The Zen garden is a garden of tradition, representing a journey of spiritual evolution.
The Zen dry garden was originally designed for silent contemplation by monks and had little plant materials. Traditionally these gardens are walled and feature sand raked into designs to represent flowing water, with larger stones placed to represent mountains. The raking of the sand and stones was an act of worship designed to refresh the monks and keep them awake during their long hours of meditation. The traditional tea garden typically has an entrance, then a meandering path through a symbolic garden, leading to the tea house itself. The tea ceremonies evolved into a stylized ritual to honor Bodhidharma, the founder of Zen.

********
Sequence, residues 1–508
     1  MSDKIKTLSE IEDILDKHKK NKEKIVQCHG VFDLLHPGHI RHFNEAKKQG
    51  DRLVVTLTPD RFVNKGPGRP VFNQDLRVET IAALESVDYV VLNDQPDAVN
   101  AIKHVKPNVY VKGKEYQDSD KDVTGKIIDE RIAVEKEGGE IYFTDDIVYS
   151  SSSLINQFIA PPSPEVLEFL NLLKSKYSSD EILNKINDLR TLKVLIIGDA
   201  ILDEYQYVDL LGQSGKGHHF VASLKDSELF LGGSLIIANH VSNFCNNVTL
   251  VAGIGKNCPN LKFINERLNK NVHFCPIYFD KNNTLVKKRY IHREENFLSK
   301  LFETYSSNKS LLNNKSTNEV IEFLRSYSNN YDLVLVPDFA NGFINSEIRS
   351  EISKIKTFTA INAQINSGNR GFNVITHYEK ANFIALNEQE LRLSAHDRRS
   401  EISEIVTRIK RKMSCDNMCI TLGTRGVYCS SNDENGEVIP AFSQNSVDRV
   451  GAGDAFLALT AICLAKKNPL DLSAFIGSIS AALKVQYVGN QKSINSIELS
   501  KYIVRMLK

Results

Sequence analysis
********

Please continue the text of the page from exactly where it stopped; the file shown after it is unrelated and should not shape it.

Underlying all of the types of Japanese gardens, specifically the tea garden, is the idea of “journey” which we symbolically create by using meandering pathways. Lighting along the pathways represents illumination through the journey of life. A water basin placed in the garden can represent purification.
Water and stone are the two essential features in any Japanese garden. Moving water, a yang force must balance with areas of reflective still water representing the yin. Larger stones represent mountains and the changlessness of the universe. Evergreens such as dwarf conifers in the plant selection and Japanese maples are traditional as is the Bodhi tree (ficus religiosa). The pathways or gardens should include configurations of rock and gravel which symbolize a river of life from youth to old age and finally enlightenment (satori). A bridge can symbolize the interconnectedness of all things.